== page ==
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Black Swan - Chapter VIII
Series of Summaries on Taleb's work
In this edition, we are looking at Chapter VIII of The Black Swan - ‘Giacomo Casanova's Unfailing Luck: The Problem of Silent Evidence’. Taleb states that silent evidence is hidden from us by Black Swans of history. Ignoring silent evidence furthers our problems when we analyse winner takes all professions.
One major argument that Taleb makes is that when we tend to ignore silent evidence, there is not much value to reading success stories. While courage, curiosity, and character are common qualities in success stories, we cannot imply causation when we have not looked at the thousands of ‘failures’ and seen what roles these qualities played in their life.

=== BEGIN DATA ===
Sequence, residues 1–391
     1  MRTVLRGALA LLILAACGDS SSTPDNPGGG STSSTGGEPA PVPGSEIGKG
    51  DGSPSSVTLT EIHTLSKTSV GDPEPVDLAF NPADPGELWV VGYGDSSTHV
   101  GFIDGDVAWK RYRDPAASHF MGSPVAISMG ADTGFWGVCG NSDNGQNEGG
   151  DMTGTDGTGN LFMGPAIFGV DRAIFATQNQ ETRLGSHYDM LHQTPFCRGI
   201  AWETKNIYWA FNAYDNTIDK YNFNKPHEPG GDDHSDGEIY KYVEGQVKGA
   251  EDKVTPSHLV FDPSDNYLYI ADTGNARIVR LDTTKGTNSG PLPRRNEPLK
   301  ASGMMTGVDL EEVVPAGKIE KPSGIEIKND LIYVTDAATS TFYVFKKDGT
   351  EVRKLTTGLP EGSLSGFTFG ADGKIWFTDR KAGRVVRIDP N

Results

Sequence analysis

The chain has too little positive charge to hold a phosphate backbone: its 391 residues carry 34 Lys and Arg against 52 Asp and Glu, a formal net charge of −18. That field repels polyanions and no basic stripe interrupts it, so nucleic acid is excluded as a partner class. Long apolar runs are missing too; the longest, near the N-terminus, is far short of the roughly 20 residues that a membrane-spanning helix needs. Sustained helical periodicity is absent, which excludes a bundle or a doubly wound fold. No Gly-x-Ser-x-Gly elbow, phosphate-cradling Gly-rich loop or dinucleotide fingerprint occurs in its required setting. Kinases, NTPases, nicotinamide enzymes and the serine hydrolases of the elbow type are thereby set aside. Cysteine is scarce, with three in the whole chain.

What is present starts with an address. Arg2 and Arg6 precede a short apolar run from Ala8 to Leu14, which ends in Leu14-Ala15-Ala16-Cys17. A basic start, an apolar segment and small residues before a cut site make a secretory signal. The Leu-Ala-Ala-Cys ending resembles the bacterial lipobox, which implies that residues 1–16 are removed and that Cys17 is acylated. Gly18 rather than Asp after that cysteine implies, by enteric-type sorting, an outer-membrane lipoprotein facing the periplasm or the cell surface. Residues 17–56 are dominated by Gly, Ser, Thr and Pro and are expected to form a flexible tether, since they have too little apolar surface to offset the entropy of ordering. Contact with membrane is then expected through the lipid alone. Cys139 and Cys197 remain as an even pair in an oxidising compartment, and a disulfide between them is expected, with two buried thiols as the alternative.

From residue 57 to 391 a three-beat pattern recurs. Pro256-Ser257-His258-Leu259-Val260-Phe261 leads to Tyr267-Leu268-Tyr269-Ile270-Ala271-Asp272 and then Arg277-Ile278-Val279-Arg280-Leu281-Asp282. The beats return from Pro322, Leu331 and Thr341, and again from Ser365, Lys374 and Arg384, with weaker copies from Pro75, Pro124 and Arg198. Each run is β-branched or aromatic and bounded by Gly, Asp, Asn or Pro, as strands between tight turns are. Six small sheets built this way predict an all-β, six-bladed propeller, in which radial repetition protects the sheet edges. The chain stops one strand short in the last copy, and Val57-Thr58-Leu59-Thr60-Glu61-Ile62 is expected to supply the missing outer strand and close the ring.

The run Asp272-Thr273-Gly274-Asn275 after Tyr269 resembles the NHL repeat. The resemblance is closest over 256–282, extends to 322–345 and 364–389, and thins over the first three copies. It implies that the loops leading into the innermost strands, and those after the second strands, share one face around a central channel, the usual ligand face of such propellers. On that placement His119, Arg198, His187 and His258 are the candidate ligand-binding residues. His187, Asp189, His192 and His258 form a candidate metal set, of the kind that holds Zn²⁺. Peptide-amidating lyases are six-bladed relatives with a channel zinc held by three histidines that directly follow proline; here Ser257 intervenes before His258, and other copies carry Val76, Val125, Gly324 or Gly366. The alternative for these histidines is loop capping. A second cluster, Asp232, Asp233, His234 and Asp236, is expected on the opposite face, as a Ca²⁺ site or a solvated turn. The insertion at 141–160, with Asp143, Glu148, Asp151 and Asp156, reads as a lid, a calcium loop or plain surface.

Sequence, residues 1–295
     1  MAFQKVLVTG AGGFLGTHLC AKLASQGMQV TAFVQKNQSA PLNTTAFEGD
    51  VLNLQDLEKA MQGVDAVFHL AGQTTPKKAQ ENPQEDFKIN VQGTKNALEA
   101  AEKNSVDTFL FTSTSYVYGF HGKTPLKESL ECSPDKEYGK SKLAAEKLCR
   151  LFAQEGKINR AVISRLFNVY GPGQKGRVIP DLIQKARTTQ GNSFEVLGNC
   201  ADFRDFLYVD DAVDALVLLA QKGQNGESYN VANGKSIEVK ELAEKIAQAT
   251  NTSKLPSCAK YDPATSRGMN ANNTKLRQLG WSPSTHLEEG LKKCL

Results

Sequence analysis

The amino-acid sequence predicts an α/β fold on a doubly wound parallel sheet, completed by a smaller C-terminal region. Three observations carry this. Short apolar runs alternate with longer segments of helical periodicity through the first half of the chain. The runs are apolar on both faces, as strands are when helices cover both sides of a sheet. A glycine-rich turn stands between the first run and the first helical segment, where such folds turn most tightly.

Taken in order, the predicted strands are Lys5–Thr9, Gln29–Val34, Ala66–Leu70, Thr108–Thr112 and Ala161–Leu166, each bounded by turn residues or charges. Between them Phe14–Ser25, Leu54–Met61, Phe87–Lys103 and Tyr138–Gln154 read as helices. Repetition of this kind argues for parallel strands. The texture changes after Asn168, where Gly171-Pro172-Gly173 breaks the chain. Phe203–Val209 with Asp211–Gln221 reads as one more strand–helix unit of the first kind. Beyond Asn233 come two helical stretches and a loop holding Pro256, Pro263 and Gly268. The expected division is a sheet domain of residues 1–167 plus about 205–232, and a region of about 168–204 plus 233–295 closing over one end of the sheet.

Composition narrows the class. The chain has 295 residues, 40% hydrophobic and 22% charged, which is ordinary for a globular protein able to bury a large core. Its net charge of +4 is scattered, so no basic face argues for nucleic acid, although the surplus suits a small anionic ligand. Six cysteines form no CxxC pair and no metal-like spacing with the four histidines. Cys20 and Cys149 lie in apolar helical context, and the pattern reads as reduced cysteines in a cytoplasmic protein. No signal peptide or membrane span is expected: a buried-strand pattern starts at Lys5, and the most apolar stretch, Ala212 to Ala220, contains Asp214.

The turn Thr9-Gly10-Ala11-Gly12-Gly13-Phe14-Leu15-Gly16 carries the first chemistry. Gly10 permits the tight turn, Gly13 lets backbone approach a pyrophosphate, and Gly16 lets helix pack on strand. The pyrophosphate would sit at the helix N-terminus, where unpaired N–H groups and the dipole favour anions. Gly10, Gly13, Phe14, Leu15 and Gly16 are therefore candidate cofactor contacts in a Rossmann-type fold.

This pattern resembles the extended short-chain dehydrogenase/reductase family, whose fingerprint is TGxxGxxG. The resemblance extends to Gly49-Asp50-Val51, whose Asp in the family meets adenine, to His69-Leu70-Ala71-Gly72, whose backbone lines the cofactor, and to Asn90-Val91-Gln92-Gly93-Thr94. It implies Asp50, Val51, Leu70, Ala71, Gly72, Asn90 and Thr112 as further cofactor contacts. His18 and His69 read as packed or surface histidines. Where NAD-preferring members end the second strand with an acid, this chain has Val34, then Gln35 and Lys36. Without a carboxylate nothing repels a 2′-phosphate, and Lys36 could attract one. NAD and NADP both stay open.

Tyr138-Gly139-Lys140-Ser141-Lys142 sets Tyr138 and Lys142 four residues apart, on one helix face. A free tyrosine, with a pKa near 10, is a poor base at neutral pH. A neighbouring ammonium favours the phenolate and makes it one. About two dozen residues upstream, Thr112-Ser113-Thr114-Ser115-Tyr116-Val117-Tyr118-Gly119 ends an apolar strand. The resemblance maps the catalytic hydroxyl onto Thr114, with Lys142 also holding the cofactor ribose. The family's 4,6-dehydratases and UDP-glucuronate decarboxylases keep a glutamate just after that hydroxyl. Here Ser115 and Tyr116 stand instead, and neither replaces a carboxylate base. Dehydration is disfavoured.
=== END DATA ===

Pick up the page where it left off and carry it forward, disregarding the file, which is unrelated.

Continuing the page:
He shows how the idea of beginners luck in gamblers is misplaced. Gamblers who have luck when they start are likely to continue gambling, revert to the mean and fail, while people who were unlucky when they started are unlikely to continue and they fade away. This gives us the impression that gamblers are lucky when they begin and their luck reduces with time.